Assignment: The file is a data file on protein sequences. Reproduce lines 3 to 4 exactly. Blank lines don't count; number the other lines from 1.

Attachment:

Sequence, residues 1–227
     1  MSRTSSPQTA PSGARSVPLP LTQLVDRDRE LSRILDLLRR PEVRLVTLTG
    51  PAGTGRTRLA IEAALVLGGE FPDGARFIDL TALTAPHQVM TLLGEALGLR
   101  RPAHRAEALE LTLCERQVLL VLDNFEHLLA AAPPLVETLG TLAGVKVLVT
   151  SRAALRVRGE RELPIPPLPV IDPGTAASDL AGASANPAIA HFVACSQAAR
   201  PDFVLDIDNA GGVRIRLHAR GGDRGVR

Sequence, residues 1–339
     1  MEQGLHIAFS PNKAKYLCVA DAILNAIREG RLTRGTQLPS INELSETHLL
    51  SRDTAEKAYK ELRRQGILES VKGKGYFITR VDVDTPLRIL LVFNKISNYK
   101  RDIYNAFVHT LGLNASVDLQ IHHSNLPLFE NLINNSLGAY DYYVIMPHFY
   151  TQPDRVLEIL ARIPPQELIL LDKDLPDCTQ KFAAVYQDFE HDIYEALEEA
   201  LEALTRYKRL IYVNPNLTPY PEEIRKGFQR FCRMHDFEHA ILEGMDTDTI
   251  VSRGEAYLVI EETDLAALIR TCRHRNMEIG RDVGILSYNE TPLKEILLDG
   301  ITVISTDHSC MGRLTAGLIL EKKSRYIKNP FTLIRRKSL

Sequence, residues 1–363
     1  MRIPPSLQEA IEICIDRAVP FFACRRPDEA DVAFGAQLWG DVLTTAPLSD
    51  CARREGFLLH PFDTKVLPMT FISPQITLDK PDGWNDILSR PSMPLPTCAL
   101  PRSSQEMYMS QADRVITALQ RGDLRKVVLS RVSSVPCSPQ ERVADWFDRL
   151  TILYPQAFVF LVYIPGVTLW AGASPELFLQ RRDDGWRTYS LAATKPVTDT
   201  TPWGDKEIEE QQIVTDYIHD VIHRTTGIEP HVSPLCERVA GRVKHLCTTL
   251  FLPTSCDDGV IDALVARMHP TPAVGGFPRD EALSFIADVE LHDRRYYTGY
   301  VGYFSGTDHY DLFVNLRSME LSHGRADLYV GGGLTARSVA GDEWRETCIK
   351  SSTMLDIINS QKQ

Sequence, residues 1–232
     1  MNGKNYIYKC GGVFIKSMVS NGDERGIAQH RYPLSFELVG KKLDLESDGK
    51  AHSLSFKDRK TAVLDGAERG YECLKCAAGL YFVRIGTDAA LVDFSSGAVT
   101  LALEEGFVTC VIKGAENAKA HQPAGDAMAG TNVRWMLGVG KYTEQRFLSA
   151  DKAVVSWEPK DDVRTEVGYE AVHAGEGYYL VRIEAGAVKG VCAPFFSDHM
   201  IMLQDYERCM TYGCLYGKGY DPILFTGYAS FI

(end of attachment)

    51  PAGTGRTRLA IEAALVLGGE FPDGARFIDL TALTAPHQVM TLLGEALGLR
   101  RPAHRAEALE LTLCERQVLL VLDNFEHLLA AAPPLVETLG TLAGVKVLVT